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Hot Shot Debut: M.P. Cooley on 'Ice Shear' (Q&A)

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Today, Hartford Books Examiner welcomes M.P. Cooley.

Ms. Cooley is the debut novelist of Ice Shear (William Morrow, $25.99). A native of upstate New York, she currently lives in Campbell, California. She studied literature at Barnard College, and went on to work in tax and law publishing, acquiring business, accounting, and economics books. Currently, Ms. Cooley works in administration at a nonprofit organization in Silicon Valley.

Out today, Ice Shear was named one of the “Best Books of Summer 2014” by O, The Oprah Magazine. The title also received a starred review from Publishers Weekly: “A strong, fast-paced narrative and an intriguing heroine propel the believable twists in a plot involving politics, a burgeoning meth industry, and biker gangs.” Further, Hank Phillippi Ryan, Agatha, Anthony, Macavity, and Mary Higgins Clark Award-winning author, praised, “Captivating, original and brilliant. Seamlessly natural—ICE SHEAR shines with the remarkable confidence and authority of true talent.”

From the publisher:

A small town cop’s murder investigation turns deadly when she uncovers a web of politics and drugs linked to an outlaw motorcycle gang in this gripping debut suspense novel for fans of Winter’s Bone, Frozen River, Breaking Bad, and Sons of Anarchy.

As a cop on the night shift in Hopewell Falls, New York, June Lyons drives drunks home and picks up the donuts. A former FBI agent, she ditched the Bureau when her husband died, and now she and her young daughter are back in upstate New York, living with her father, the town’s retired chief of police.

When June discovers a young woman’s body impaled on an ice shear in the frozen Mohawk River, news of the murder spreads fast; the dead girl was the daughter of a powerful local Congresswoman, and her troubled youth kept the gossips busy.

Though June was born and raised in Hopewell Falls, the local police see her as an interloper—resentment that explodes in anger when the FBI arrive and deputize her to work on the murder investigation. But June may not find allies among the Feds. The agent heading the case is someone from her past—someone she isn’t sure she can trust.

As June digs deeper, an already fraught case turns red-hot when it leads to a notorious biker gang and a meth lab hidden in plain sight—and an unmistakable sign that the river murder won’t be the last.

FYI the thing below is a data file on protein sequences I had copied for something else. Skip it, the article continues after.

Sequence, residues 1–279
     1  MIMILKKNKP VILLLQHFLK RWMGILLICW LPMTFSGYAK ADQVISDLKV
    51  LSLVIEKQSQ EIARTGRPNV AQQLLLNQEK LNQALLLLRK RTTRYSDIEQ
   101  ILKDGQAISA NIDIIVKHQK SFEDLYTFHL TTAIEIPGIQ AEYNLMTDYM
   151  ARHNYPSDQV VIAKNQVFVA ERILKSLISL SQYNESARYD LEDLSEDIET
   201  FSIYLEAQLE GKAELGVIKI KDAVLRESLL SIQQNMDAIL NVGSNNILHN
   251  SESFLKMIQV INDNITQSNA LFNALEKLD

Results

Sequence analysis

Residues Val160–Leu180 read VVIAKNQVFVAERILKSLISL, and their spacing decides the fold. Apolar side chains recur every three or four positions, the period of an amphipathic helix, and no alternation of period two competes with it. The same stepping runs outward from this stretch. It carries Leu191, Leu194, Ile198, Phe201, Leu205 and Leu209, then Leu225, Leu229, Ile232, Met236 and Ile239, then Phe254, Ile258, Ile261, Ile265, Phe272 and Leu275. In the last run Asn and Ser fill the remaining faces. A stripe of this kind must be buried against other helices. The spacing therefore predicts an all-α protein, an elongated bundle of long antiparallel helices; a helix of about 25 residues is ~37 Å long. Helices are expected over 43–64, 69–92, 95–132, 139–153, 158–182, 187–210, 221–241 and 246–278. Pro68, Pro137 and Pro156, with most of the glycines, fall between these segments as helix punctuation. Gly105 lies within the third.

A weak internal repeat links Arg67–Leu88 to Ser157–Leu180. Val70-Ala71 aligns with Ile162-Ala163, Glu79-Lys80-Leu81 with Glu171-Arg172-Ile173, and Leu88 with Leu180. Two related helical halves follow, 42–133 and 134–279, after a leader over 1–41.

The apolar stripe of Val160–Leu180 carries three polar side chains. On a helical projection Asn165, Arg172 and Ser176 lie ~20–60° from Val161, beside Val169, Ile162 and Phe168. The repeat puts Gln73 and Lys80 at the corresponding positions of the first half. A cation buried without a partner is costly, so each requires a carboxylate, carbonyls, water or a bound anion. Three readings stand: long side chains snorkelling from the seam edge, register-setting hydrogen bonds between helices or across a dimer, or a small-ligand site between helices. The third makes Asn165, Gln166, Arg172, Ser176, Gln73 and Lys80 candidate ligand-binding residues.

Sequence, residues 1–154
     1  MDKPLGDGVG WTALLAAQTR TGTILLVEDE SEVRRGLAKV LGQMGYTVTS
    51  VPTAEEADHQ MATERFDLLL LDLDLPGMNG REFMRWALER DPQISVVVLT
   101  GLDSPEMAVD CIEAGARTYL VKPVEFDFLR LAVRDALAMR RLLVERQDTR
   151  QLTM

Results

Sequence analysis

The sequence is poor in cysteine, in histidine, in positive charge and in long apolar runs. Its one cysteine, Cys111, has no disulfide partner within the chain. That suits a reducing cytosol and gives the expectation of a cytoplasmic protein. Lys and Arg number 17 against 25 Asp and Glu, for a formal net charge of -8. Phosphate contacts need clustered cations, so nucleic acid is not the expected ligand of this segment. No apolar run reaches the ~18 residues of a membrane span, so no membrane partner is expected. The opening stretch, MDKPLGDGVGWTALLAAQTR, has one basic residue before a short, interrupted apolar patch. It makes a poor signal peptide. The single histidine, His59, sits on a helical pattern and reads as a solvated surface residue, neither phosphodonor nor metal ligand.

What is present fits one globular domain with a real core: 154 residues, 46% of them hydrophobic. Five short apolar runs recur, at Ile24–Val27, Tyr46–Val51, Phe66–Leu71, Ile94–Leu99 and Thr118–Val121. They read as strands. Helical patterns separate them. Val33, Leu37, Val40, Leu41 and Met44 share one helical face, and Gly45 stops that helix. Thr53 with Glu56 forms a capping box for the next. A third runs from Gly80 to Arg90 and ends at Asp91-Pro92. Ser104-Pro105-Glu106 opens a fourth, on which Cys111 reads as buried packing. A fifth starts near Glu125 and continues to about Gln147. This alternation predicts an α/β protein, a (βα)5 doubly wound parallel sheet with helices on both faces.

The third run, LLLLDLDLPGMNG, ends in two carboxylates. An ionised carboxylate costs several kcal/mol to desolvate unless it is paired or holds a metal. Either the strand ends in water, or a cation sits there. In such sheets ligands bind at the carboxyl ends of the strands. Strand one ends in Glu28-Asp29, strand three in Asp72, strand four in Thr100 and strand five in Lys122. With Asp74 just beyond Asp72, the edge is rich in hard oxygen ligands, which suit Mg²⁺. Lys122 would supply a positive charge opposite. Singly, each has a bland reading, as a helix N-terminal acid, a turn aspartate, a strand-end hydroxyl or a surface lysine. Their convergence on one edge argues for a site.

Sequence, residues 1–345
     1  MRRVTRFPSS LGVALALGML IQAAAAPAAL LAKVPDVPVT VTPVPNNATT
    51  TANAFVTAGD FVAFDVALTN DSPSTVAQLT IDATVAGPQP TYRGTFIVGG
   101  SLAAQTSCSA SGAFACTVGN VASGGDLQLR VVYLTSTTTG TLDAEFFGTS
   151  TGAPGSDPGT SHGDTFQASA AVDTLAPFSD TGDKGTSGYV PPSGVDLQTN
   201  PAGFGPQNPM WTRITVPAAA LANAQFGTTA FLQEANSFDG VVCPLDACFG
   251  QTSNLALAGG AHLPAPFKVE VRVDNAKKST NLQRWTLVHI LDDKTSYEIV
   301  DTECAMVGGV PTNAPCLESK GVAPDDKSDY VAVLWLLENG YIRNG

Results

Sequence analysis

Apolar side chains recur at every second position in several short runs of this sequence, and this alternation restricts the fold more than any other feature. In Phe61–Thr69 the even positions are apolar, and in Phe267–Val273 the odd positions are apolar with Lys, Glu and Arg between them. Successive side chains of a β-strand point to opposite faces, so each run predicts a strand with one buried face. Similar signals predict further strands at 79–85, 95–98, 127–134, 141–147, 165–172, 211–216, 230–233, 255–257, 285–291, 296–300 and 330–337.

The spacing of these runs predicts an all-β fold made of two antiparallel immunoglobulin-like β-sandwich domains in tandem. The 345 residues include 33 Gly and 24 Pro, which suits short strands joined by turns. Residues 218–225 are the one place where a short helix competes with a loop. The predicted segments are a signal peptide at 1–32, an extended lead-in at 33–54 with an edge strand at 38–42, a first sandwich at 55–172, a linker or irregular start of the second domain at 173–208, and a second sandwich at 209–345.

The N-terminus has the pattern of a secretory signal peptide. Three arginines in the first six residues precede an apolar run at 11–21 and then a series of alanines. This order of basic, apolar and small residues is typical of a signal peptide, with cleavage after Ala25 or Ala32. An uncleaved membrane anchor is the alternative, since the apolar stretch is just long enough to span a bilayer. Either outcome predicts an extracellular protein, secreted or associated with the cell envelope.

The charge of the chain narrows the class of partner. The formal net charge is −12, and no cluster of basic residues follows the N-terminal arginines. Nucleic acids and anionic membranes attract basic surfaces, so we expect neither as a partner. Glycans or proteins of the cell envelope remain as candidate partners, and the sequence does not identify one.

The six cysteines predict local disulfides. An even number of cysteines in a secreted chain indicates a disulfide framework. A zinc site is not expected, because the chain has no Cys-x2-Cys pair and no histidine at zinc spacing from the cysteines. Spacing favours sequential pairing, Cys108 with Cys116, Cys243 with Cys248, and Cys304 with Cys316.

Now, Ms. Cooley breaks the ice ...

1) What inspired you to write ICE SHEAR – and how did the story evolve throughout the creative process?

As a reader, mysteries and thriller are my favorite. Before ICE SHEAR I had been writing a historical mystery set in post-Civil War New York City. I worked on it for several years, and by that point nothing in the book was a mystery to me, and I found myself having a hard time finishing. I put it in a drawer and wrote a short story about a woman watching the Salvation Army take her dead husband’s belongings away. That character became the basis for June Lyons.

2) Your protagonist, June Lyons, is a widow with a young daughter. How did you go about understanding her motivations – and achieving a believable balance of strength and vulnerability?

June doesn’t share her thoughts and feelings with most people. Being in her head, the readers may know more about her than a lot of her friends and family. Her family has given the strength and hope to get past her husband’s death and solve the murder of Danielle Brouillette. From her father she got a strong sense of duty and a refusal to give up a case until it is solved. Her daughter gave her a reason to live and a reason to hope. Even grieving, she works to make sure her daughter feels safe and loved, and that includes solving the crimes that could destroy the town where they live.

3) What was the research like re. procedural aspects of the book – and how are you able to use the relationship dynamics between a former FBI agent and less sophisticated local cops to intensify conflict?

Local law enforcement had so many different attitudes towards the FBI. One cop made a point of telling me how the FBI were called “fibbies” because if you lied to them, even if you were in law enforcement, you could go to prison. Most were positive, viewing collaboration as a big positive. The FBI agent I spoke to enthusiastically listed all the reasons he appreciated working with the local force, including their ability to identify informants and criminals, and shared that he would sometimes deputize local law enforcement. That detail became something I used as a plot point, when Special Agent Hale Bascom deputizes June. Some of the local folks resent her, thinks she’s a spy, and she feels a huge conflict between her old life and her new life, local law enforcement and federal.